I agree with Brian on this. If you're transcribing as a resource for historians then abbreviations don't need to be expanded upon but if you're doing it for the family and intending to give the elderly aunts a copy then you'll save yourself a lot of aggro if you put it in plain English now.
     
  9. BrianM59

    BrianM59 Senior Member

    I agree with Brian on this. If you're transcribing as a resource for historians then abbreviations don't need to be expanded upon but if you're doing it for the family and intending to give the elderly aunts a copy then you'll save yourself a lot of aggro if you put it in plain English now.

    Bang on Rich - I showed my dad a copy of his unit war diary when he was in his seventies and he didn't have a clue what some of it meant.
     
  10. I agree with both ways. I think it's important to transcribe the text exactly as it is, but also that it should be understood by its readers. So why not do both, first transcribing verbatim, with abbreviations, typos and all, then make a second version with abbreviations expanded and typos corrected. Using a standard word processing software makes this simple enough, by using the search and replace feature to expand the abbreviations, and the grammar/vocabulary check to correct typos. One word of caution though, it's safer to do such replacements one by one, i.e. clicking the "next" button rather than the "replace all" button which is certain to result in some funny but totally unwarranted corrections...

    When finding an obvious error or contradiction in the original text I leave it as is, but add right after it a note between square brackets. Notes clarifying certain obsure passages are also helpful for the lay reader. I believe it is essential that any variation from the original text, apart from expanding abbreviations and correcting typos, should be clearly identified as such.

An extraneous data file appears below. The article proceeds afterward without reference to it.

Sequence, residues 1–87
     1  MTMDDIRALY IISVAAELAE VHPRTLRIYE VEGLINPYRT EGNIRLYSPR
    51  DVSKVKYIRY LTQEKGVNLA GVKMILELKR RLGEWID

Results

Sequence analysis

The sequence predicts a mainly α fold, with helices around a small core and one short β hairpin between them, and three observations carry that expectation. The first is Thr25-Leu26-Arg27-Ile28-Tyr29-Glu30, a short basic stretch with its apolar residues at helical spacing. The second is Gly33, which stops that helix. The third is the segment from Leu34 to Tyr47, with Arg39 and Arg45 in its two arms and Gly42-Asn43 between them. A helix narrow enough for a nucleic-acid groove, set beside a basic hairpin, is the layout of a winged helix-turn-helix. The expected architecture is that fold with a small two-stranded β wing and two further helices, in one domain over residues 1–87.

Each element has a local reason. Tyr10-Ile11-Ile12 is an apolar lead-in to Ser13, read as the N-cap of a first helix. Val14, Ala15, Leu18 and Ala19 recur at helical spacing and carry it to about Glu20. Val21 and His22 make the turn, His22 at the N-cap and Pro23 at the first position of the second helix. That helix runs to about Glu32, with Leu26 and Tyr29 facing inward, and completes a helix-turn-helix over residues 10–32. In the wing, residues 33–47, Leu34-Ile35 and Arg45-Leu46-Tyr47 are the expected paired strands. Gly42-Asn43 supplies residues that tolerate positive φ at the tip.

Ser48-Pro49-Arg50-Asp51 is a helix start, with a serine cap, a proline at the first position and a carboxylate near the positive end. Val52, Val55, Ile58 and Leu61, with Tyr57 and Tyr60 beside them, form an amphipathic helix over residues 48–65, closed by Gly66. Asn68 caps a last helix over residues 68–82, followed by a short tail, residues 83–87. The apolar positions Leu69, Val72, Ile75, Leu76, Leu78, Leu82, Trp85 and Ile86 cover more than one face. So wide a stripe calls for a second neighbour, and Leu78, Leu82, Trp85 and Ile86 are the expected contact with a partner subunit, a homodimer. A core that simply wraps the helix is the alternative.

Michel
     
  11. Mike L

    Mike L Very Senior Member

    I tend to agree with Michel on this - anything other that a DIRECT transcription, typos included is in my opinion an INTERPRETATION.

    Not too difficult to do both as Michel describes.
     
  12. dbf

    dbf Moderatrix MOD

    ;) I must be guilty as sin of bad/worst practice then for the transcripts I've placed on this forum have few of the commonest abbreviations. I really don't get too worried over 'interpretation' in these instances. If you read a diary do you actually think/say "pl" or platoon? Sgt or sergeant? Regt or regiment? Br or bridge? Xrds or crossroads? Arty or artillery? and so it goes on. Frankly I couldn't be bothered compiling/checking a glossary for each and every thread, or constantly referring any confused enquirers to abbreviations thread.

    Place names are often misspelt, so they get - Wrong [Correct]. If it's a very tiny and obvious error, again, I won't bother drawing the attention of the reader to eg BRUSELS [BRUSSELS]. If parts are illegible, I will fill gaps in words or sentences with the appropriate amount of qu??t?on m??ks and make suggestion [?question marks] as to what it probably is/might be.

    If there is any doubt about what was intended by meaning, or if something looks at all ambiguous, it gets typoed up ass is. [sic]

    Doing two versions, one for those not familiar with WDs, and one for those who prefer it au naturel, just wasn't an option in my case. But, I am not publishing a book, just putting stuff up to help some people mainly with family research.

    Anyway, I put the images - with appendices - up in Gallery and link it, so folks can have a look for themselves.
     
  13. Pylon1357

    Pylon1357 Junior Member

    I transcribed the Irish Regiment of Canada Diary. I copied it as I saw it, abbreviations and all. Anything that was confusing to readers I made footnotes.